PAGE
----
Labor Day Weekend Forecast and Tropical Update

Labor Day Weekend Forecast and Tropical Update

MONTGOMERY, AL (WSFA) - Sunscreen, water bottles and a raincoat are all good things to have on hand this long holiday weekend! We'll see plenty of sunshine and feel the heat, but a few showers and storms are possible as well.

Sunday and Monday will experience a mix of sun and clouds with lower-end rain chances for central Alabama. The greatest chance for rain is in the late afternoon hours. As for south Alabama, there's a slightly higher chance for showers and storms, and they'll develop earlier in the afternoon.

If you're heading to the beach, the greatest chance for rain lies along the Gulf coast, so pack rain gear with your beach gear. Also note that there's a high risk of rip currents throughout the long weekend, so use caution and swim near a life guard!

Tuesday and Wednesday's rain chances have also been raised slightly as we carefully watch a low pressure system that could move into the Gulf and bring tropical moisture to the state (more on that below).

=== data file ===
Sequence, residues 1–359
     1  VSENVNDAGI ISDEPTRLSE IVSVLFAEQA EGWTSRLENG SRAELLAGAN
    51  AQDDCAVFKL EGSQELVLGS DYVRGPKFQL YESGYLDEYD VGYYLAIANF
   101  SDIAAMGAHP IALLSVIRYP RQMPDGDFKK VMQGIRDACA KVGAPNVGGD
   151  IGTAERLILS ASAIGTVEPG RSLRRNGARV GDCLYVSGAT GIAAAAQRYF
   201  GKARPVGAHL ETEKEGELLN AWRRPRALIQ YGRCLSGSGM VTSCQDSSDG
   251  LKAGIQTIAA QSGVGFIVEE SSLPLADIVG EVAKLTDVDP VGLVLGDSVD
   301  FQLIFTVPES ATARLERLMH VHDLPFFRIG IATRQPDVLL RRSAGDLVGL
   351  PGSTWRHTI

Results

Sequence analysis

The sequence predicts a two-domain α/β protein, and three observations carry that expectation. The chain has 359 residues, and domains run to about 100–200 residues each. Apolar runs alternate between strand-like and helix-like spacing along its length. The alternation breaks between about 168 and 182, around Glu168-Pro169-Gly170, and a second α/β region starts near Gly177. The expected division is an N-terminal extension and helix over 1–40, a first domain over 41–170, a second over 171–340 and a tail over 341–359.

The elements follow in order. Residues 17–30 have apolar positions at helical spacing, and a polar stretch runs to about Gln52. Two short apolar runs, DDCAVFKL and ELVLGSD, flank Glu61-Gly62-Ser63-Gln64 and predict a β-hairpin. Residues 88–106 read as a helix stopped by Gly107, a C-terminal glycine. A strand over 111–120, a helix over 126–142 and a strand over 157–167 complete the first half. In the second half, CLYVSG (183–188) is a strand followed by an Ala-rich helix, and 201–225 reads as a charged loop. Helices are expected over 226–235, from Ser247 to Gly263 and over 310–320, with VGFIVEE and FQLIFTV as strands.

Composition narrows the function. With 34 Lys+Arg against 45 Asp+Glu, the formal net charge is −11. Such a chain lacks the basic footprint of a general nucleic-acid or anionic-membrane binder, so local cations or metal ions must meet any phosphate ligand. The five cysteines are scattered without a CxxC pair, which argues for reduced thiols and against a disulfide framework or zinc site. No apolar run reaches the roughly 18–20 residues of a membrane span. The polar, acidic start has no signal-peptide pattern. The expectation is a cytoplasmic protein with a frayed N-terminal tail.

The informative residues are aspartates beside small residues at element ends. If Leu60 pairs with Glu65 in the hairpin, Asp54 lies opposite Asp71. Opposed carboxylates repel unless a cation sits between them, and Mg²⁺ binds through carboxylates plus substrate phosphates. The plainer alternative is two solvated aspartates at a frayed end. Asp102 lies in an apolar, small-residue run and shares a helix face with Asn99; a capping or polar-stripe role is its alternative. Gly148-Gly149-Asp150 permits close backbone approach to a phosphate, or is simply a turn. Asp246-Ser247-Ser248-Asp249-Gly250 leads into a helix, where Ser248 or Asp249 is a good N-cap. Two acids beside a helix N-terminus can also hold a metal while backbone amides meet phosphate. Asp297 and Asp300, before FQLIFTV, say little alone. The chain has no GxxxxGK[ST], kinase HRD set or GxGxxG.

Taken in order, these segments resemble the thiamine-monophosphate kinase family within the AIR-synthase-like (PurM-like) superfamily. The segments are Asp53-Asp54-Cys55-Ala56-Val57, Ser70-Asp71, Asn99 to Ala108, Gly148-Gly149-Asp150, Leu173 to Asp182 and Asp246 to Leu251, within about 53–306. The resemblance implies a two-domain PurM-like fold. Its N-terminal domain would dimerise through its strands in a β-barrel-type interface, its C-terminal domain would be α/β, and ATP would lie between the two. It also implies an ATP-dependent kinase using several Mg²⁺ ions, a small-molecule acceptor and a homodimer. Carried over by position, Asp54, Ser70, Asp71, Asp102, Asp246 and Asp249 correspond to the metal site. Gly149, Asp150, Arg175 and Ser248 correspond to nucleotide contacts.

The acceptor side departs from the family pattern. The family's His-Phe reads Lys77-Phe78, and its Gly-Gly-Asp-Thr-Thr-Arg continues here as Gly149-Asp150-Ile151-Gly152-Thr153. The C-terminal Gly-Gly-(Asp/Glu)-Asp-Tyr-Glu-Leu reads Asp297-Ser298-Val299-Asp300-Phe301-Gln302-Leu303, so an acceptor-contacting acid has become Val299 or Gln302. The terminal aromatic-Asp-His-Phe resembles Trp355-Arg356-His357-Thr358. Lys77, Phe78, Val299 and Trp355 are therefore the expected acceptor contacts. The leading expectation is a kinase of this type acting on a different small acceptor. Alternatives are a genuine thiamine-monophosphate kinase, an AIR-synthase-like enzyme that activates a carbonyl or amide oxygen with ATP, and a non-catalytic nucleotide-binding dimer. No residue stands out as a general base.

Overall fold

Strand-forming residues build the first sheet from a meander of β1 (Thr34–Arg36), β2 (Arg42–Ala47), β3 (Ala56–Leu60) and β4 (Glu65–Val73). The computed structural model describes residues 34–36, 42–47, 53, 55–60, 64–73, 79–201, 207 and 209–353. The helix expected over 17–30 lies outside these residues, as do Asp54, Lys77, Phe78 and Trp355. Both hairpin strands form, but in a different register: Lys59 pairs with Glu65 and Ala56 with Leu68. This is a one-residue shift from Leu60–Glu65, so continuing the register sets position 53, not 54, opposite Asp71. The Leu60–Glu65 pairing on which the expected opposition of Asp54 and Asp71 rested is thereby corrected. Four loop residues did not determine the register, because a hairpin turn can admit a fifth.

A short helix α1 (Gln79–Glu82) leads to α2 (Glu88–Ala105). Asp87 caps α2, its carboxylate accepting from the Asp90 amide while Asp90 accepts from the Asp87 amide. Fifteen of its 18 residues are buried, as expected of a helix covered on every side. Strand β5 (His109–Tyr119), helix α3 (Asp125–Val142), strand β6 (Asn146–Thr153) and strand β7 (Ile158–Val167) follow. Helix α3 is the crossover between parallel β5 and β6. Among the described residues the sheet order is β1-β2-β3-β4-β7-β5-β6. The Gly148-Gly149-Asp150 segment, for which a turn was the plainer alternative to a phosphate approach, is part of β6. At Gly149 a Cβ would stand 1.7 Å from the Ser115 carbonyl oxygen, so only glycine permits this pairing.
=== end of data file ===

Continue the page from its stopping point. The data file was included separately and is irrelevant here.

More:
Watching the Tropics: As of the 10 pm advisory from the National Hurricane Center, a tropical low pressure system has a 50% chance of cyclone formation in the Gulf of Mexico next week. Currently, the tropical wave is bringing a large amount of rain to the Turks and Caicos Islands and the Bahamas. It is forecast to move west-northwestward and cross the southern portion of the Florida peninsula early next week. From there, it will move into the Gulf where conditions are a little more favorable for cyclone development during the early to middle part of next week. Overall, it only has a medium chance of development over the next 5 days, but we'll continue to watch it closely.

Tropical Storm Florence formed early Saturday morning. It has maximum sustained winds at 45 m.p.h. Florence is currently heading away from the Cabo Verde Islands and into the eastern Atlantic. It is moving west-northwestward at 14 m.p.h. and is not a threat to land at this time, as most storms that form in this part of the world curve northward before reaching the U.S. mainland.

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